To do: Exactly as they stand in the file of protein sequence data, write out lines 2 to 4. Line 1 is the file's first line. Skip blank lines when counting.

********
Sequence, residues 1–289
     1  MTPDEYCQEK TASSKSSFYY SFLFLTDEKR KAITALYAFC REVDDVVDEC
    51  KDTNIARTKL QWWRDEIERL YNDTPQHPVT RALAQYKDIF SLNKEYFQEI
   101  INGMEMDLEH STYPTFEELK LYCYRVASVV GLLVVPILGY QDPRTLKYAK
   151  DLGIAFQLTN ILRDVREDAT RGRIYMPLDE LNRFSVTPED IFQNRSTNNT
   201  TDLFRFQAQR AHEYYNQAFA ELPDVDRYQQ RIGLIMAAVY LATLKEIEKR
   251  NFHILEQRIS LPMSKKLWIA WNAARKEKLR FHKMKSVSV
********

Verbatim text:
     1  MTPDEYCQEK TASSKSSFYY SFLFLTDEKR KAITALYAFC REVDDVVDEC
    51  KDTNIARTKL QWWRDEIERL YNDTPQHPVT RALAQYKDIF SLNKEYFQEI
   101  INGMEMDLEH STYPTFEELK LYCYRVASVV GLLVVPILGY QDPRTLKYAK